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Chinese acrobat wows audience at NBA halftime show

China Daily | Updated: 2024-07-02 08:01

TAIYUAN — A video of acrobat Niu Rong's performance at an NBA game has gone viral online recently, garnering widespread attention on major video platforms.

In the video, Niu, dressed in a bright outfit and high heels, performed to the traditional Chinese song Bridal Sedan Chair. She rides a unicycle over two meters high with one foot, expertly kicking a stack of white porcelain bowls onto her head, which drew applause and cheers from the audience.

Known by her stage name "Red Panda", Niu chose the name because red symbolizes China and the panda is the country's treasured national animal, making her a memorable performer to audiences.

Niu is one of the most popular halftime show performers in the NBA, with American media hailing her act as "the best halftime show in basketball". Since her debut in 1993, she has performed for 30 NBA teams, showcasing her high-altitude porcelain bowl-balancing acrobatics for 21 seasons. Her journey began in Shanxi province.

Born into an acrobat family in Taiyuan, capital of Shanxi, Niu began practicing acrobatics at an early age. "When I was young, I practiced somersaults and handstands but found that I was not good at them. So I chose to practice unicycle bowl-balancing when I was 7," she recalls.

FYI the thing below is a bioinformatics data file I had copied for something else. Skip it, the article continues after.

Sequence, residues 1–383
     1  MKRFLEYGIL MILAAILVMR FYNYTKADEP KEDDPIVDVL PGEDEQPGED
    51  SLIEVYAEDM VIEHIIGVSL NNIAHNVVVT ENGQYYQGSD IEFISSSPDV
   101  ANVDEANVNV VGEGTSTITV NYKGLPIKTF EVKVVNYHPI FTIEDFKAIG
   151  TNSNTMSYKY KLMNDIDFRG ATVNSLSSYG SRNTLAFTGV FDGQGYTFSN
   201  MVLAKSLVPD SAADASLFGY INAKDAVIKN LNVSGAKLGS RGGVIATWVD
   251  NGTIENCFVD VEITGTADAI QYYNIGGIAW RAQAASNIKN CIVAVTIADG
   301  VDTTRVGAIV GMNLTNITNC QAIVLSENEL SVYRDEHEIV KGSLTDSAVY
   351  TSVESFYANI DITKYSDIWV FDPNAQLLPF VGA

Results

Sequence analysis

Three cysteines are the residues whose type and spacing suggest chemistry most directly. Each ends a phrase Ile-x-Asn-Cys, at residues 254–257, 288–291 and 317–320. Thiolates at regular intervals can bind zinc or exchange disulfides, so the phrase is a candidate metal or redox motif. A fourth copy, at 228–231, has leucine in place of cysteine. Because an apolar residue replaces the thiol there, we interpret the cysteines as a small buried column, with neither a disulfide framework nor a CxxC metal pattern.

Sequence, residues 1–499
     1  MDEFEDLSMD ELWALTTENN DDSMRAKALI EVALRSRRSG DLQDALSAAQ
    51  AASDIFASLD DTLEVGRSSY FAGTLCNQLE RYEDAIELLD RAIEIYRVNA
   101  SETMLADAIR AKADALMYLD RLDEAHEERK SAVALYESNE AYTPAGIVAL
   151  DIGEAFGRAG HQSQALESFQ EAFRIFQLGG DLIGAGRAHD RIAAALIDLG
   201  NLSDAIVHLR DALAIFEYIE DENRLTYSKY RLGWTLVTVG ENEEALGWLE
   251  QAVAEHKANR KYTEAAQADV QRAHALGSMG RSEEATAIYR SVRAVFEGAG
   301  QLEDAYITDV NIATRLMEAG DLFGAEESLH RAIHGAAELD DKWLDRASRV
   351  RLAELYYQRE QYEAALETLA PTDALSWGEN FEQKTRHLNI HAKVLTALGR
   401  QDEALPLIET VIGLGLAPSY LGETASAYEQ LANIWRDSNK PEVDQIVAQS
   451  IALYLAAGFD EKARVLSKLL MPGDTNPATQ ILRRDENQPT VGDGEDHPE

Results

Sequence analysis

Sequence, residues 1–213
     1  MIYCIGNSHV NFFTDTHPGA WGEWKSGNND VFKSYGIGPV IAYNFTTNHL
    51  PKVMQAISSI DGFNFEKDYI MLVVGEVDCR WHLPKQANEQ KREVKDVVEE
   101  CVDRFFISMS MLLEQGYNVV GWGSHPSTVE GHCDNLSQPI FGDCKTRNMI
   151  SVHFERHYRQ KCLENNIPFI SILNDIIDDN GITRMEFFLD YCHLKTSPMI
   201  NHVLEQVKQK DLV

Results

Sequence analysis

Niu's NBA debut came the day before Thanksgiving in 1993 when she performed on the Clippers' home court in Los Angeles, California. Her five-minute performance received four standing ovations.

"During the performance, four bowls fell steadily on my head one after another. There was applause almost every time I flipped a bowl. I couldn't believe it," Niu recalls.

Since then, Niu has become a fixture in NBA halftime shows. "She is the most dominant performer in the NBA, and her bowl-balancing technique is even more accurate than Curry's three-pointers," said an NBA head coach, praising Niu.

However, Niu's career has not been without challenges. She once fell from a stool over two meters high, fracturing her arm. "During that time, my father had passed away and I was down for a while. When I tried to go back on stage again, I thought I was ready but I wasn't focused enough," Niu says.

In October 2015, Niu overcame her injury and returned to the NBA court, once again becoming a fan favorite.

Speaking of her hometown Shanxi, Niu says: "I used to go back to Shanxi at least once a year but I haven't had time to go back in recent years. I must make it this summer."

After working overseas for many years, she misses Shanxi's vinegar noodles the most. "When I left Shanxi, it didn't have a professional basketball team. If there is a chance in the future to perform in my hometown, that would be great," Niu adds.


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